Oriental Museum explores Nissan’s impact on North East

One of James Sebright's pictures fotr the 'Nissan: 30 Years On' exhibition.
One of James Sebright's pictures fotr the 'Nissan: 30 Years On' exhibition.
0
Have your say

The impact of Sunderland’s Nissan plant on the whole North East is examined in a new exhibition beginning this week.

Nissan: 30 years on, which starts at Durham University’s Oriental Museum on Friday, celebrates the Japanese car giant’s 30th anniversary in the North East, by exploring the impact the Japanese motor giant has had on the lives of people in the region.

The long history of collaboration between Japan and the North East in manufacturing and commerce has led directly to the rich collections of historic Japanese art held in museums and galleries across the region.

Oriental Museum curator Craig Barclay

This year marks three decades since the Sunderland factory was completed.

The new exhibition mixes photography, the written word, audio and film to capture portraits of the people who work for the firm, as well as members of the wider community who have played a part in the Nissan story in the North East.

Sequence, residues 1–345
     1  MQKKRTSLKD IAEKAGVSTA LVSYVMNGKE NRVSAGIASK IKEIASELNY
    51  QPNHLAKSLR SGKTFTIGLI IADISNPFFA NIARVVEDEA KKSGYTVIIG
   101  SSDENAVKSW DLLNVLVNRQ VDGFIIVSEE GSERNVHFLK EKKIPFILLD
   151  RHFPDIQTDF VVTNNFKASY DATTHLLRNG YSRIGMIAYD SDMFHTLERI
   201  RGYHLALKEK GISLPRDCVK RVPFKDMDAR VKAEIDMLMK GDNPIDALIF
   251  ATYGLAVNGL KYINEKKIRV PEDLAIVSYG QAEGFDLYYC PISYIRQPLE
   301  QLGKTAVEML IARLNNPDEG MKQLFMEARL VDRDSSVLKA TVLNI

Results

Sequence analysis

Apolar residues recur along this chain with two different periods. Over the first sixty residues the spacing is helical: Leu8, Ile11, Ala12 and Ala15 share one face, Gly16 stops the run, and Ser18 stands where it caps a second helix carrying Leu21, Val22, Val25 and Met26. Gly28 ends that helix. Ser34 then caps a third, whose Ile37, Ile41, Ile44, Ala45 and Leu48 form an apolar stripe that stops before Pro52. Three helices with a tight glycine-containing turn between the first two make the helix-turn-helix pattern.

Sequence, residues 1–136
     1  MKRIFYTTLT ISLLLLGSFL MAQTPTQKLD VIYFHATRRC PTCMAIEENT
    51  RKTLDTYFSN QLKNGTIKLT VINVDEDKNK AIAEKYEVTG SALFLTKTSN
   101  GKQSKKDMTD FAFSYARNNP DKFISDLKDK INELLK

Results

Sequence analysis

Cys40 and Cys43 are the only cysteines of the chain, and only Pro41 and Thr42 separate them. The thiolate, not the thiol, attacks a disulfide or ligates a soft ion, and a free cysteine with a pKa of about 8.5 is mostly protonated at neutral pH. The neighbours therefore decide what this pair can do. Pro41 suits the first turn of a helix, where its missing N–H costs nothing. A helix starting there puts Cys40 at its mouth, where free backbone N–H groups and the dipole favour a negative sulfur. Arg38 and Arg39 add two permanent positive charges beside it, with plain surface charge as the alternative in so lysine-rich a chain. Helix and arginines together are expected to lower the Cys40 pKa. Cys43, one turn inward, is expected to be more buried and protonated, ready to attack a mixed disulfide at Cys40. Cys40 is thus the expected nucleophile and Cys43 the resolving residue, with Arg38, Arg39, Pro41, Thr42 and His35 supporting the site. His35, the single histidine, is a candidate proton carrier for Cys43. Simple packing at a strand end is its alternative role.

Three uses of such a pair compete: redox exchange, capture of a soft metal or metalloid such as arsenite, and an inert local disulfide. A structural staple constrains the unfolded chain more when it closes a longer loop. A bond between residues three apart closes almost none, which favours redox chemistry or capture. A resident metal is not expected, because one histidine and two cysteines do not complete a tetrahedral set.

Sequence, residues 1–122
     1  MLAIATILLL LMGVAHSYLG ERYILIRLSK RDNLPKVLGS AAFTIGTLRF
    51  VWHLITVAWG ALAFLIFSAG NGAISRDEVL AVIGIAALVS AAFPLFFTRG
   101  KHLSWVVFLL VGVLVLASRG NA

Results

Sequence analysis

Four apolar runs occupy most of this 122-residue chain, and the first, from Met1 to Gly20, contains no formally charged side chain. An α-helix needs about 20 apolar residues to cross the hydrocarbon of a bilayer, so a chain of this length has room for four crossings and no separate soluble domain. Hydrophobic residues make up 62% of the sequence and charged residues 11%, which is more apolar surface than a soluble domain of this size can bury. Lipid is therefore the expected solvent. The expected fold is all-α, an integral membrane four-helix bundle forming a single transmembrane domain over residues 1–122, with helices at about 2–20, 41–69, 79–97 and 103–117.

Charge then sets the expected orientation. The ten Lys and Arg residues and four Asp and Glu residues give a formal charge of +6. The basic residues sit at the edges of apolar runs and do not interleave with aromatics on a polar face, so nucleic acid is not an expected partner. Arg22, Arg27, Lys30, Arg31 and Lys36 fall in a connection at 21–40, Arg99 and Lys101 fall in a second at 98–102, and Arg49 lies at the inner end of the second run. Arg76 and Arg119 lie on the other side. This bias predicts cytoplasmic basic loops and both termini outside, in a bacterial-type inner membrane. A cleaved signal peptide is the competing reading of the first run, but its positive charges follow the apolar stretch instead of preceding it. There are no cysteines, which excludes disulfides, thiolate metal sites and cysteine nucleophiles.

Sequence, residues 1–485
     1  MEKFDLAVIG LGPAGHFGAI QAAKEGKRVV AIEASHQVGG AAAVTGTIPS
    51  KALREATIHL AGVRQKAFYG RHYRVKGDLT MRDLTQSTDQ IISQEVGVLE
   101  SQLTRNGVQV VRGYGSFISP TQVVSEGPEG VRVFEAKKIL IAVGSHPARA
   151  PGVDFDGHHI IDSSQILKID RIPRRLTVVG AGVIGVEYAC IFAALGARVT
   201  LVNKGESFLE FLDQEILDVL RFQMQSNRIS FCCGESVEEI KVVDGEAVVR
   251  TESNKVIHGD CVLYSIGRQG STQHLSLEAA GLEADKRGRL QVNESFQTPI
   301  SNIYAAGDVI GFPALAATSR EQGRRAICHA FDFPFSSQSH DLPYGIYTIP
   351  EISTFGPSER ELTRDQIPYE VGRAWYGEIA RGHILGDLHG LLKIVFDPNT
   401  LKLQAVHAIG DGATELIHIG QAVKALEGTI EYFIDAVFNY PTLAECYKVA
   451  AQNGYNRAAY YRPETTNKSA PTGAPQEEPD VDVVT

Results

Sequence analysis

The show is the work of photographer James Sebright and writer/audio artist Rachel Cochrane.

James Sebright is a fine art/documentary photographer, whose work is created in places far afield such as China, Japan, Syria and Morocco, as well as closer to home in the North East, while Rachel Cochrane has been a writer for 14 years, and started using digital technology five years ago to record her own and other writers’ work.

The pair worked together to explore the effect the company has had on the lives of people in the region and create a present-day snapshot of the effect of 30 years of Nissan in the North East.

They visited the plant to see the production line in action and talk to workers and also met with a range of people in the wider community, who have associations past and present with the Nissan factory.

Oriental Museum curator Craig Barclay said: “The long history of collaboration between Japan and the North East in manufacturing and commerce has led directly to the rich collections of historic Japanese art held in museums and galleries across the region.

“This exhibition brings a new twist to this tradition of collaboration between business and the arts and celebrates the close ties between Japan and the North East.”

Nissan: 30 years on, opens to the public on Friday and runs until October 18.

It has been supported by the Arts Council for England and the North East Chamber of Commerce.

The Oriental Museum is open Monday-Friday, 10am-5pm and Saturday, Sunday and Bank Holidays, 12pm-5pm.

Entry to the museum is £1.50 for adults, 75p for children (five-16) and over 60s, and free for children under five and students.

For more details visit the museum website: www.dur.ac.uk/oriental.museum/